Some movies come down to a single performance, and An Education is
one of those movies. The central performance by Carey Mulligan is
utterly wonderful, and without it I wonder if there would be much of a
movie here at all.



Maybe that’s an exaggeration. Nick Hornby’s screenplay, based on Lynn
Barber’s memoir, is actually quite lovely. What’s especially nice is
the humanity Hornby gives to each of the characters. Set in 1960s
suburban London, An Education follows a young girl who
is on an Oxford trajectory as she gets caught up with a fast living
playboy twice her age; a lesser script would have had her controlling
father be an unctuous monster instead of the sweet, flawed man here,
and a lesser script would have had the playboy be a simple cad as
opposed to the Peter Pan-syndrome sufferer in this movie. The outline
of the movie is a touch obvious – if you think the relationship between
16 year old Jenny and 30-something David is going to end well you might
need to study this film in detail before making life decisions of your
own – but the specifics of it are beautifully alive and real.



Also beautiful and alive and real is Mulligan. Seriously, this is Oscar
caliber work, and it’s career defining work. I dare anyone to walk out
of An Education without being completely in love with
this gorgeous, expressive and intelligent actress. Mulligan understands
the dichotomies that make up a teenager – the strength and the
weakness, the courage and the fear, the wisdom and the idiocy – and she
is able to get them across at the same time, embodying completely
opposing elements of humanity. In the hands of this actress Jenny is
one of the more iconic teenage characters in recent memory.



Mulligan works against one of my favorite actors in one of my least
favorite roles. Peter Sarsgaard plays David, the good-time guy who
seems to make his living by stealing valuable artwork from old ladies.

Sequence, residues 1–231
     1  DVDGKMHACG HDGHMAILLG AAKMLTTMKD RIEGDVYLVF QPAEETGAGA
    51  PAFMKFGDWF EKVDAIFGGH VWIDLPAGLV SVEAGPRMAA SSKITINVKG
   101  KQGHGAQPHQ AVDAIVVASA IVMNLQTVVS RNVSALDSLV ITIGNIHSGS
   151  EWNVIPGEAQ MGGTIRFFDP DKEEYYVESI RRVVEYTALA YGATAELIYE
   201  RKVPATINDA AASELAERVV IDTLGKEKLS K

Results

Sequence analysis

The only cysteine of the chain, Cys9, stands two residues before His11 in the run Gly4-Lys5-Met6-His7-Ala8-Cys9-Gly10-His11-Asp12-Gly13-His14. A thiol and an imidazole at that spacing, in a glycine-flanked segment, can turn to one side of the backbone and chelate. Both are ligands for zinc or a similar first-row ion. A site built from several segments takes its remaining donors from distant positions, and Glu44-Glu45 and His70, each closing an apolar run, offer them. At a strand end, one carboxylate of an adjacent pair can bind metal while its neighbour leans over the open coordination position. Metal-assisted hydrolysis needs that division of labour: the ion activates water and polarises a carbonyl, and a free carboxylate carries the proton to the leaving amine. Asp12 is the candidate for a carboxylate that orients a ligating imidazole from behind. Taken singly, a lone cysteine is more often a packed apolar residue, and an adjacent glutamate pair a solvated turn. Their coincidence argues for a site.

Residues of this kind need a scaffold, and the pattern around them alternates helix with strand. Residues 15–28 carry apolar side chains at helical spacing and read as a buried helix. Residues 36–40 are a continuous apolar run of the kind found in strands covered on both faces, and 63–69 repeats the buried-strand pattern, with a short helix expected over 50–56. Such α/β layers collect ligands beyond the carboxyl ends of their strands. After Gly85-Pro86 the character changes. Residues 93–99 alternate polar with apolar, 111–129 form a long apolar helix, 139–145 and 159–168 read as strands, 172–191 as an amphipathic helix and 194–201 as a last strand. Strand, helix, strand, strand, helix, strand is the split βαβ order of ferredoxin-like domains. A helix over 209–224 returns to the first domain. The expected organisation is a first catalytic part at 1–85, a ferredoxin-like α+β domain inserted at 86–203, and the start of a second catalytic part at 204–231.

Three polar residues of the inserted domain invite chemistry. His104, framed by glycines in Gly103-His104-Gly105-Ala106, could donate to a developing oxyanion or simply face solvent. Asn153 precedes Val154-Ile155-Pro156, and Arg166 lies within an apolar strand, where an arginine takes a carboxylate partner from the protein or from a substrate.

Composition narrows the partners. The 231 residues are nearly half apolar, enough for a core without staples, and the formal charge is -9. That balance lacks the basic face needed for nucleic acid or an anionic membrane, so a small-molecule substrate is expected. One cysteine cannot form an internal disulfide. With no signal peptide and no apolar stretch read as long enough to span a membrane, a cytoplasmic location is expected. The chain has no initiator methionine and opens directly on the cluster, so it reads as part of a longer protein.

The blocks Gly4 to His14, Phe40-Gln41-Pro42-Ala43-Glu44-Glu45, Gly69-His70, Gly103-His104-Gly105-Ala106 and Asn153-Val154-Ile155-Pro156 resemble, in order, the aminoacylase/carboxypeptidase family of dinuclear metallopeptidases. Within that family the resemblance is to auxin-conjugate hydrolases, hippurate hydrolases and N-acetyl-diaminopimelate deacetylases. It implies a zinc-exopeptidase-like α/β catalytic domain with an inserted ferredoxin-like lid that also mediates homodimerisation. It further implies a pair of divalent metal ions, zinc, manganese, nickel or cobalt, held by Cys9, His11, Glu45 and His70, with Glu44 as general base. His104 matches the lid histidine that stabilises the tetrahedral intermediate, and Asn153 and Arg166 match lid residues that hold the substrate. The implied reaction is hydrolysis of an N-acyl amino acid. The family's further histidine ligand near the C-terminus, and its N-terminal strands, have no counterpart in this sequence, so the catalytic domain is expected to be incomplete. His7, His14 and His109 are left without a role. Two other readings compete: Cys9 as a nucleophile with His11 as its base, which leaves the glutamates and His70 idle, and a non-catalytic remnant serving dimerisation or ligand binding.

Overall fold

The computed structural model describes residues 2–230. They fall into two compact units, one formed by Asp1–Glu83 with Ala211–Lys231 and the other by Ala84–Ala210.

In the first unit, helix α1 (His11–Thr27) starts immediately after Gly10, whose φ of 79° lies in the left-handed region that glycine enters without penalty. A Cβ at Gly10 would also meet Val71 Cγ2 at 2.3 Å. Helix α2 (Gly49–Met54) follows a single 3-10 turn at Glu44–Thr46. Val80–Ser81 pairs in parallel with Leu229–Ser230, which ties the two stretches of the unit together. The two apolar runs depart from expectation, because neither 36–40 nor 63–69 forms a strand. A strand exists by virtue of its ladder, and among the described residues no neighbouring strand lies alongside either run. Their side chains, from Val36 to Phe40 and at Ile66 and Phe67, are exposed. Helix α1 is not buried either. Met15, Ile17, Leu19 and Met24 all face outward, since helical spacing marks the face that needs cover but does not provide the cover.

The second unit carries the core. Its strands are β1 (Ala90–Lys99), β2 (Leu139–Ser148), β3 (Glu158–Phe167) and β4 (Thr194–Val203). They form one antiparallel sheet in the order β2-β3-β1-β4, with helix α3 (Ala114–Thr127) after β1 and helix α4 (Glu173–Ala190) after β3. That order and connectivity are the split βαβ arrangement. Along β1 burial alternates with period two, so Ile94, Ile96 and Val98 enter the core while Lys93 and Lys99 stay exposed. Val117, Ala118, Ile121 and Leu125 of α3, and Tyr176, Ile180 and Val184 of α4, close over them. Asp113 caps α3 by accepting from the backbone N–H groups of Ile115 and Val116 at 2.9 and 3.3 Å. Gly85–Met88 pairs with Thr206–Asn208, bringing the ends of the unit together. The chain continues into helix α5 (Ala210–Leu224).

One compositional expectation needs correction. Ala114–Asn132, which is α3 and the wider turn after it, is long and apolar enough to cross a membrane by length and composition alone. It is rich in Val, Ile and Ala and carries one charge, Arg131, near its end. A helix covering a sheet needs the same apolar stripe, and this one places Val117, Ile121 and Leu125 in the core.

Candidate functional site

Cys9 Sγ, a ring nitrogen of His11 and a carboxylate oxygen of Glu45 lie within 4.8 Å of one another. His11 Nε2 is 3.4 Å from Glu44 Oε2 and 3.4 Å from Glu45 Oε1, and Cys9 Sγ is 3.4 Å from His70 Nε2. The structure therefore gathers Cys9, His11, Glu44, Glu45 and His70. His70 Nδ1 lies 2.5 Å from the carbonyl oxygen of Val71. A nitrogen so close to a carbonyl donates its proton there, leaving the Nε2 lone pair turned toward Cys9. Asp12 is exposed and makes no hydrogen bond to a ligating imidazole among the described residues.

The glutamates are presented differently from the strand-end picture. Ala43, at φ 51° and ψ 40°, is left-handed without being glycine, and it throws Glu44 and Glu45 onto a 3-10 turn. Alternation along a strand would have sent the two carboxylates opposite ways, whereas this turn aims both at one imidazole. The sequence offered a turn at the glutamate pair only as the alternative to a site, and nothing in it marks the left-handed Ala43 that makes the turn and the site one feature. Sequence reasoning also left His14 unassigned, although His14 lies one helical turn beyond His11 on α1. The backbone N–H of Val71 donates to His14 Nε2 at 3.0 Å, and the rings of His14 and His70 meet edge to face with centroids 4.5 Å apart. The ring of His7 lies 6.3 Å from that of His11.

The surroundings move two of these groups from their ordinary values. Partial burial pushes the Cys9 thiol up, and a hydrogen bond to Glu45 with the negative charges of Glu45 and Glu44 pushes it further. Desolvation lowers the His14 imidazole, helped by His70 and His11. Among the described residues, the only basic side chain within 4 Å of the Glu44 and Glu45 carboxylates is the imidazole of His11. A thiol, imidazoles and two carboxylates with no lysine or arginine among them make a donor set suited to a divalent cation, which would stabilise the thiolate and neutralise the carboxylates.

From his initial introduction Sarsgaard is in trouble – he sounds like
your friend who one day affects an English accent for no good reason,
and without much success. Sarsgaard plays David like a toned down
Dickie Greenleaf, someone who just doesn’t really have that spark of
vitality that Jude Law brought in The Talented Mr. Ripley.
It’s easy to understand why Jenny, desperate to go to France and live a
sophisticated life, would fall for David, so Sarsgaard’s occasionally
bloodless performance doesn’t do much damage. If anything it’s his
accent that keeps stumbling things up.



But the other man in Jenny’s life, her father played by Alfred Molina,
is a true delight. Molina finds all the facets of this man who just
wants his daughter to get the best education possible… or to marry a
really rich man so that she doesn’t need an education at all. He wants
what’s best for Jenny, but at this specific cultural moment, as the 60s
are opening up, he doesn’t really understand what’s best for her
anymore. While Molina could simply play the guy as a tyrant from a
different age, the actor taps into the warmth and humor of a provincial
guy who is playing by an outdated rulebook. Molina makes you understand
that he loves his daughter, and that every demand he makes on her comes
from a place of love, not of control. There’s a truly touching scene at
the end of the film that might be the most understanding portrait of a
father trying to come to terms with his daughter’s womanhood I’ve ever
seen.



Director Lone Scherfig captures a palpable slice of London history,
creating a world that is tactile and present. She allows scenes to
unfold at their own pace, and allows humor to come in unforced. It’s
restrained directing at its finest, as Scherfig lets the story be the
story and doesn’t push any big moments down our throats. An Education is
a very small movie, with a very personal scope, and Scherfig
understands how to keep the intimacy and reality while also getting
across the large emotions that any teenage girl will feel.



Again, all of these elements are fine and good, but I don’t think An Education would
be half the movie it is without Mulligan. It’s exciting to watch a
performance like this, where you lose sight of the fact that it is a
performance. Obviously some of that comes from Mulligan being an
unknown quantity, but much of it comes simply from the young actress’
skills. Even for those who find An Education underwhelming – and it is, without a doubt, slight – Carey Mulligan is worth the price of admission.

8 out of 10